Finishing off the dissertation

All over the world, doctoral students are working to complete their doctoral research before presenting their thesis or dissertation (depending on what part of the world you reside in) to examiners. In the final throes of developing one’s writing, sometimes it is easy to lose sight of things. One issue that I have noted in working with doctoral students is that writing the final chapter of a traditional five-chapter dissertation can be challenging. (Of course, there are many alternative formats to completing a dissertation that are not addressed here.) Sometimes, new scholars find themselves so exhausted that they are not sure what to include. Here are some ideas to keep going to finish up that final chapter.

Review of research questions and findings

The final chapter is a space in which a researcher sums up the key findings that respond to the study’s research questions and explains what is important about these for readers. This is a place to answer the questions: Why are the findings of this study important? For whom? What next?

Thus, one place to start is to review the research questions posed, and then provide of the key findings that have been outlined in the findings chapter/s. Through fieldwork, you may have developed some new questions that you did not initially anticipate (“emergent questions”), but explored as part of the study. Be sure to add those.

In his chapter on “Tightening up” in his book about writing up qualitative studies, educational anthropologist Harry Wolcott (2009) suggests that you don’t need to really “conclude” a study (p. 113). Rather, one can offer a summary on what the study was about, along with recommendations and implications (pp. 116-119). Irrespective of what advice you read — it is always good practice to check with your adviser and members of your advisory committee.

Implications and recommendations

The final chapter of a thesis or dissertation typically includes “implications” and “recommendations.” What might be included in these sections? Implications in Wolcott’s (2009) view are somewhat more tentative than recommendations. Consider here: What tensions, issues and challenges were illuminated in this study? Wolcott suggests identifying “inherent tensions and paradoxes” (p. 117) (bolding in original). Recommendations typically provide ideas for theory, practice and further research. For each of findings generated, begin by writing a statement about ideas that you have that could possibly assist the potential audiences for the study. These typically take in recommendations for

  • theory (for example scholars identified at the outset of the study);
  • practice (people working in applied fields who would benefit from the findings of the study); and
  • research (questions and issues that arose during the study that were not examined that other researchers could examine).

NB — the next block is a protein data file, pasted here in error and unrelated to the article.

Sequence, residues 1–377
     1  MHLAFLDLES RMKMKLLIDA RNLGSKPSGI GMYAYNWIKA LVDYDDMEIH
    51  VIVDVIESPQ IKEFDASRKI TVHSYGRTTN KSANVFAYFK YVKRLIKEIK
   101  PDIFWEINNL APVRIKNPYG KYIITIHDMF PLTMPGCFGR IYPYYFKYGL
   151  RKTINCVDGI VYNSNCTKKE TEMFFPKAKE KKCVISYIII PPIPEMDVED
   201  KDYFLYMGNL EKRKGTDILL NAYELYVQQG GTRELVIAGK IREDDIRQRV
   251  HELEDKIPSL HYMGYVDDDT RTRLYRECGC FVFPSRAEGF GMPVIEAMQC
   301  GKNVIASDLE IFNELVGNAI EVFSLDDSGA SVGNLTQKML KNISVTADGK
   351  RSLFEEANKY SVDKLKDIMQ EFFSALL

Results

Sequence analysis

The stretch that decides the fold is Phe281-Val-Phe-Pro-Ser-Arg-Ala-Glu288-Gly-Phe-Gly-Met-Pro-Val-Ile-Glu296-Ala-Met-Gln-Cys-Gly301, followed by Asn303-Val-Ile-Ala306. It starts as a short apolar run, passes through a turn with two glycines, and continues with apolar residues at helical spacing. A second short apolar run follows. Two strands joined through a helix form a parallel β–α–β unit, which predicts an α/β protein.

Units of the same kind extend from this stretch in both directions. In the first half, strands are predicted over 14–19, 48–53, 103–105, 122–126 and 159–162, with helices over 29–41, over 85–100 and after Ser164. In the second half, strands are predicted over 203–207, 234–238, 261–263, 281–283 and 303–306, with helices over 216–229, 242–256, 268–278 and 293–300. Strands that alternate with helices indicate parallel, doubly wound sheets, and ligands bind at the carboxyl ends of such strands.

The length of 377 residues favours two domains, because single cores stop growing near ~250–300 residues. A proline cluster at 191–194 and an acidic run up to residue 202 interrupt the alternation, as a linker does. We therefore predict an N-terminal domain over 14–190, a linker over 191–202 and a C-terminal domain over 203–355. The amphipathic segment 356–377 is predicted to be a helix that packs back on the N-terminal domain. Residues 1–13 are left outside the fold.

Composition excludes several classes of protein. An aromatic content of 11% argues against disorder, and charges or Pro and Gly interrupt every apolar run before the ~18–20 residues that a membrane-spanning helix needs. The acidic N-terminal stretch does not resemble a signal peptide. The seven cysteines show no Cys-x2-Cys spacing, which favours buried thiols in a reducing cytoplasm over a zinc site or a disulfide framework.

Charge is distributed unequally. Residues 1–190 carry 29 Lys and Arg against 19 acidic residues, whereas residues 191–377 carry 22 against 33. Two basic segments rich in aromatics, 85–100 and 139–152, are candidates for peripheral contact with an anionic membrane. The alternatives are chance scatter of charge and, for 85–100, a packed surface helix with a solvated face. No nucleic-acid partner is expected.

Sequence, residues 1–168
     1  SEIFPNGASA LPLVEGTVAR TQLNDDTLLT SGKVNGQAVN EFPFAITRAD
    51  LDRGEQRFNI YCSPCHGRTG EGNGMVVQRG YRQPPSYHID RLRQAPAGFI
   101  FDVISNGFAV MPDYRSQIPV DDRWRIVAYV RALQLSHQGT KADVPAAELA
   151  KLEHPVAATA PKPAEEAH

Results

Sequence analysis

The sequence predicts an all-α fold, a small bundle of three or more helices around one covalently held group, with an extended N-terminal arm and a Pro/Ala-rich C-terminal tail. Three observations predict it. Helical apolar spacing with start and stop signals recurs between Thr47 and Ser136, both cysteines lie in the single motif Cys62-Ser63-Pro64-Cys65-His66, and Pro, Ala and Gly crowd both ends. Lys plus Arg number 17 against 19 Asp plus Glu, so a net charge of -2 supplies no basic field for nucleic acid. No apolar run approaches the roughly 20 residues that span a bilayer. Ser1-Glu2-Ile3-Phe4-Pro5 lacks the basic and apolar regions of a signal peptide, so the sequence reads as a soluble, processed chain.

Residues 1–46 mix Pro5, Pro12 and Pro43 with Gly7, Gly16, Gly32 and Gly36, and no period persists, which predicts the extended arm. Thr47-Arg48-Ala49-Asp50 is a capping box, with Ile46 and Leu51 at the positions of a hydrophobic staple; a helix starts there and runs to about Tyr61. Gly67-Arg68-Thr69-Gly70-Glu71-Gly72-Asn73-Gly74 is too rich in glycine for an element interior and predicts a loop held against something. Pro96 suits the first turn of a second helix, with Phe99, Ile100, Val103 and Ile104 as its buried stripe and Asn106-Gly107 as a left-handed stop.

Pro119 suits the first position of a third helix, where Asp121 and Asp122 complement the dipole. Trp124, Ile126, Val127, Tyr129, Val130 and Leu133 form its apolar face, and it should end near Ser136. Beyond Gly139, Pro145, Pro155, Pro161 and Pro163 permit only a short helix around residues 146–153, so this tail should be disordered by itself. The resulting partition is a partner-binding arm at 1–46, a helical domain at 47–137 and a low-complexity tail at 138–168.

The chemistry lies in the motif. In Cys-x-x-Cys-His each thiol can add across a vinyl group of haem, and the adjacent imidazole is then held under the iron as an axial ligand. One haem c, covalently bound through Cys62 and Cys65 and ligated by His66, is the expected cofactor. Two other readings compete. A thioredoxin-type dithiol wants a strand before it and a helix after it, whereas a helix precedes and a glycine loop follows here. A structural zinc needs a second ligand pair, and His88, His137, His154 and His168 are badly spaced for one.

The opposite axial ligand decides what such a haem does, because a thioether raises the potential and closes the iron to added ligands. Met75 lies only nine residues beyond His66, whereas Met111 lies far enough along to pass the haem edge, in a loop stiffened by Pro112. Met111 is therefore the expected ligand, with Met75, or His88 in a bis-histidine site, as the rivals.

Statement of limitations

Authors might also make mention of any limitations of a study (although these are sometimes found in the methods chapter ). All studies have some limitations – this does not mean that there is something wrong with the study – rather a statement of limitations provides readers with an idea of how the author situates the study’s findings within a broader field of inquiry. For example, you might discuss some of the following issues:

Selection criteria: Researchers must limit the scope of any particular study for practical reasons. Yet, because we select some sites and participants and not others, what is omitted from the study’s frame? For example:

  • How was the study site selected?
  • What was missed by selecting particular participants for the study, and not others?

Research methods: Researchers also generate and collect some sorts of data, but not others. Again, through the use of particular sorts of data, certain issues become visible, while others are excluded.

  • What did the methods used make visible? What was missed by the use of these methods?
  • If interviews were used, were these one-off interviews, or serial interviews?

The researcher: Researchers select topics, research sites and participants, conduct research, and make sense of data in particular ways.

  • What does the researcher bring to this study?
  • In what was does this limit the researcher’s ability to tell the story of this study? In what ways does this help?
  • Were there relational issues that arose during the course of the study that were anticipated? How did these impact the course of the study, and how the researcher interpreted findings?

For all those doctoral students working to complete their doctoral research over the next six months, be encouraged. Many have gone before you and finished. You can too. Be sure to add a visible note somewhere in your work area that outlines the research questions you posed when you initiated your study. It is easy to get a little lost through the reading, writing and analysis process. Remember, your thesis or dissertation gets written one word and one sentence at a time.

I wish you the very best with that.

Kathy Roulston


Wolcott, H. F. (2009). Writing up qualitative research (3rd Ed.). Los Angeles, CA: Sage.


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